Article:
So you’re minding your own business, trying to commit suicide, and this computer hijacks you to a distant galaxy (far, far away, no doubt) in order to do her bidding: a typical Monday. Thus is the introduction to Incognito: Episode 1, where the protagonist (you can name him...might I suggest “Ben Dover”) is now in charge of a ship and must complete missions in order to progress onward and upward. Incognito: Episode 1 borrows several aspects from different genres (first person shooter, action game, space trading adventure, role-playing game, real time strategy) in an attempt to produce a cohesive gaming experience. Incognito: Episode 1 does an excellent job easing new players into the game by carrying over controls between the different modes and having almost comprehensive video tutorials for every aspect of the game accessible from within the ship. There isn’t much content here in terms of quests: only five that will take about two to three hours to complete. The currently galaxy consists of about twenty galaxies containing a total of seventy planets and other objects. There isn’t any aspect of randomization with the universe, so the quest order and the resources available at each planet will not change in successive games. Incognito: Episode 1 also lacks multiplayer, making the adventure a purely solo affair.

You’ll start out inside your ship, basically a repository for the tutorial videos, engineering upgrades, and buying sandwiches. The medical bay contains some options that actually do nothing (by design, I found out), and there’s nothing inside the ship that couldn’t have been accomplished with a pull-down menu. In fact, the large loading times involved with entering your ship (and subsequently going back to space) makes wandering around the deck actually fairly annoying. Once you enter the cockpit, you’ll enter the space flight mode. The controls are quite strange, using the mouse to look and the WASD keys to move up/left/down/right; this combination makes navigating through 3-D space difficult, as looking up and pressing down results in strange movement. You can never look completely “up” (or “down,” for that matter) either, and since most of the planets are located above or below you, this becomes an annoying problem. I would have much preferred a control scheme similar to pretty much every other space adventure game: full mouse look freedom and “W” to go forward. You are limited in your movement because your reactor core may overheat, although this only becomes an issue during the rare instance of combat (which the controls, again, make much more difficult than it should be). Finding things in space is fairly simple: pressing “TAB” will open the planet finder that will list all of the notable objects in your current system, and then show a track to that object once selected. Simply getting close to a planet or station will automatically dock with it (even if you are flying at full speed).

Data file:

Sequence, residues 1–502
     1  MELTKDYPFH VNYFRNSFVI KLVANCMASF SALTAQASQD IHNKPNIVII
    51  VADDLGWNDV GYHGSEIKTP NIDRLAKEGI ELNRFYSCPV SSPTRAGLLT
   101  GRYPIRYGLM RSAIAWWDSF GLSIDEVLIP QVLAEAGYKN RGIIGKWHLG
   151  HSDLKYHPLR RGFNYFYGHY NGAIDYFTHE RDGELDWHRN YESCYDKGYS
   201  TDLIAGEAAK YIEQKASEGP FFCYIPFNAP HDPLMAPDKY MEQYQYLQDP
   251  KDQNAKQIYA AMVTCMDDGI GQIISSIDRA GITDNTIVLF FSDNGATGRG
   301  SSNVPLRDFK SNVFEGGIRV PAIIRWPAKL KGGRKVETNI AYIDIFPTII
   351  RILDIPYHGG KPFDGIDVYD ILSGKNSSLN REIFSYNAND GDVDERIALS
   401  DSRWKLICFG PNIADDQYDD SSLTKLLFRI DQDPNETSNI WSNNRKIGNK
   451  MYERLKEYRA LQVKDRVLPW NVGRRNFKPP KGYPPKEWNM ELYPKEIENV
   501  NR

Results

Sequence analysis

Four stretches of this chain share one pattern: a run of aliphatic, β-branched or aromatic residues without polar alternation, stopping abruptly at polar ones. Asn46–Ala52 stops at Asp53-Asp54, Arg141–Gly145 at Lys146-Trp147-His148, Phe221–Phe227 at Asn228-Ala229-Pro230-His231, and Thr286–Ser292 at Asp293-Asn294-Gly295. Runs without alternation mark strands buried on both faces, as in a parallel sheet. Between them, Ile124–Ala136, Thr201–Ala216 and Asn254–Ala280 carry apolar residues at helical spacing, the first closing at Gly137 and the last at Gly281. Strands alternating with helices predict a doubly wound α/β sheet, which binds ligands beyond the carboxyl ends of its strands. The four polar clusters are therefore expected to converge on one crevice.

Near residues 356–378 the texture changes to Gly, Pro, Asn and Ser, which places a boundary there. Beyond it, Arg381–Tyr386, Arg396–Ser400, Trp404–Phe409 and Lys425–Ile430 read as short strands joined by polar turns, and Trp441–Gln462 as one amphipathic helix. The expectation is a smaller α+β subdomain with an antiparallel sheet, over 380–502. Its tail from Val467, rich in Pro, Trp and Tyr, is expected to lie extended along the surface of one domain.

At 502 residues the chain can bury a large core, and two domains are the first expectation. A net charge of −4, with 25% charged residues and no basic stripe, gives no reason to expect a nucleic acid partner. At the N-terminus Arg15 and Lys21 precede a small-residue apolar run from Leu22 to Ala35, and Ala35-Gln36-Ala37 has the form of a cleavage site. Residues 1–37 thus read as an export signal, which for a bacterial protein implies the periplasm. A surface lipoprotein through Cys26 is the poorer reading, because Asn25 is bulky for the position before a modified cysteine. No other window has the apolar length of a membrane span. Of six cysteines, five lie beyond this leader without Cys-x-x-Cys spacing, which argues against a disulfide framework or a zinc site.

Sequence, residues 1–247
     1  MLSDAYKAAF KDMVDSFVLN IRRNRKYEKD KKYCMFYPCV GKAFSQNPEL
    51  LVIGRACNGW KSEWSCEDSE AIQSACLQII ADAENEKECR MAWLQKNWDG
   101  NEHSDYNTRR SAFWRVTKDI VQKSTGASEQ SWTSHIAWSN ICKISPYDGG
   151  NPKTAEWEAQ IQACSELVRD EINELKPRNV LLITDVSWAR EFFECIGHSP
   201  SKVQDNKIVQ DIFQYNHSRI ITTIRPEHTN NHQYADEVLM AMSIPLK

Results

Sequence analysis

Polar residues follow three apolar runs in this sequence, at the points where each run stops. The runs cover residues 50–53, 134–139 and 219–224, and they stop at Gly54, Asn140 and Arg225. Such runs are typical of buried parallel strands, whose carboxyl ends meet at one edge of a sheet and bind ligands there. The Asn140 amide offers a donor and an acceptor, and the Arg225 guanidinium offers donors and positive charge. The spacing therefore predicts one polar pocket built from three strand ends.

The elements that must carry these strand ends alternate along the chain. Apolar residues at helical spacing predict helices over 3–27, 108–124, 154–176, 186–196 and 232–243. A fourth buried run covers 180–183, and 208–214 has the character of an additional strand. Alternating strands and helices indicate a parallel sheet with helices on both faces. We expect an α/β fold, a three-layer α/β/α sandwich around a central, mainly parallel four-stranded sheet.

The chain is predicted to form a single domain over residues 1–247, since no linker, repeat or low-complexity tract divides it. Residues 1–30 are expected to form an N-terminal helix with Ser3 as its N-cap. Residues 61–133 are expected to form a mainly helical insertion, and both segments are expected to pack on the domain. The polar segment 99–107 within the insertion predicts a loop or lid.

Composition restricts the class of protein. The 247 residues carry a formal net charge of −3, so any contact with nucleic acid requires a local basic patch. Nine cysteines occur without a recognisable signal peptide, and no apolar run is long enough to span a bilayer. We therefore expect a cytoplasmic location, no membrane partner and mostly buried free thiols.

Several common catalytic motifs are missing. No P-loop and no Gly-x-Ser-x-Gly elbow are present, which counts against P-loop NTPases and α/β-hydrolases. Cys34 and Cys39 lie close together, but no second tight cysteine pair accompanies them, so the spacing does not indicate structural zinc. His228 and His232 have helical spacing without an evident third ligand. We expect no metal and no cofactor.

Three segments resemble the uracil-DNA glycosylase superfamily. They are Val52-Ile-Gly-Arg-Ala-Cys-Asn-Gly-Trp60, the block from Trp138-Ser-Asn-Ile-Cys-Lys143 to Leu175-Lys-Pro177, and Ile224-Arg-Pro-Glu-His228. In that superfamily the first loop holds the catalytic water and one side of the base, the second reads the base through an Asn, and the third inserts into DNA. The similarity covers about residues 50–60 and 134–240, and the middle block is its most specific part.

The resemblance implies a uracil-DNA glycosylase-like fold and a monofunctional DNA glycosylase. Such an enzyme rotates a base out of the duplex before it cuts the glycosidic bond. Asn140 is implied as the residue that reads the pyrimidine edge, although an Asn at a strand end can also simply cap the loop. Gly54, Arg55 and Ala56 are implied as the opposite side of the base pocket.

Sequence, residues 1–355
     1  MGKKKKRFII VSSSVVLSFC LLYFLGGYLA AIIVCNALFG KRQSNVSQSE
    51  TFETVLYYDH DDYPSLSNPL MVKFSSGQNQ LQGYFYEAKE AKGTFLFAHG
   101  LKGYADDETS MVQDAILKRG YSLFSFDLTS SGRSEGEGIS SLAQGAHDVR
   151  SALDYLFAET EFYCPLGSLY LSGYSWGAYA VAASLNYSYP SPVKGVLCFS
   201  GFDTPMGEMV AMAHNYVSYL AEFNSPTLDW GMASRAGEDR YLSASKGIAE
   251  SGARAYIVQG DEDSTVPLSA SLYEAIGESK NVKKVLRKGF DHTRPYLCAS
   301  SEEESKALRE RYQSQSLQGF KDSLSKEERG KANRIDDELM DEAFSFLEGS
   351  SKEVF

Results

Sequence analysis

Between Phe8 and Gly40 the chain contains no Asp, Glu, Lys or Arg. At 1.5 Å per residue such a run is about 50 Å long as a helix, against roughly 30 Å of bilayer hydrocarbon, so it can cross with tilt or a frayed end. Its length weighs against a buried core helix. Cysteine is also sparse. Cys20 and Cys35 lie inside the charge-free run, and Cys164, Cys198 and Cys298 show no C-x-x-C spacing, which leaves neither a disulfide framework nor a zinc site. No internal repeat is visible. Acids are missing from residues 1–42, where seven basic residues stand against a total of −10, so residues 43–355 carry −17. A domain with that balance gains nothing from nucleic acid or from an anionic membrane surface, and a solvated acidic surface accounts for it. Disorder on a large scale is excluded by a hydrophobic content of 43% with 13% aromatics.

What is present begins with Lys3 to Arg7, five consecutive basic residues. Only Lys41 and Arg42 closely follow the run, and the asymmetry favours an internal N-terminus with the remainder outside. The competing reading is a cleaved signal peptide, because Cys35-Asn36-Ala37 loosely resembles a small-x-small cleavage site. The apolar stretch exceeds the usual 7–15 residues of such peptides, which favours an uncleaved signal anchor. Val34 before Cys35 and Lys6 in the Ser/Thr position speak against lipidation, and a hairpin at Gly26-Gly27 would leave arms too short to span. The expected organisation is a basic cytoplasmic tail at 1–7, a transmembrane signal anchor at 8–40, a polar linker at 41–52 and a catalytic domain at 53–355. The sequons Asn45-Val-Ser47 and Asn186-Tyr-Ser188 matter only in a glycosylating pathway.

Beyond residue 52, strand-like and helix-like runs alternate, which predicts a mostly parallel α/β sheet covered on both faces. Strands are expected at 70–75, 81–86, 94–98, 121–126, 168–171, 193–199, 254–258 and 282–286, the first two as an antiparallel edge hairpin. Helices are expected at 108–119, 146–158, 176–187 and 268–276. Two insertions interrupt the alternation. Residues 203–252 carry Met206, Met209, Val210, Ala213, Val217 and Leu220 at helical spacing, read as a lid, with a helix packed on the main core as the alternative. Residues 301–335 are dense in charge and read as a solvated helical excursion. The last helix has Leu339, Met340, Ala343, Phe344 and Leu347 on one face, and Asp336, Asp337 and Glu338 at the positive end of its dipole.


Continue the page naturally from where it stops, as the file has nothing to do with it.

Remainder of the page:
You are given several options to interact with a planet or station. You can scan the planet to discover useful elements and other pertinent information, check the news for trading opportunities, or send a probe to the surface (I prefer to probe Uranus). Trading is a tedious, old-school effort of writing down prices: the game does not give any indication on “high” or “low” values with color or anything else. However, trading is affected by random events, such as drought, boredom, and war: paying attention to these news items and quickly setting up a trade route will reap a significant profit. There are a number of goods to trade (ten, to be exact), but trade is only “worth it” when there is an event causing their shortage, and since shortages usually only occur for a week or so, you must act quickly. When you probe a planet (such as Uranus), you will enter the real-time strategy mode or the action mode.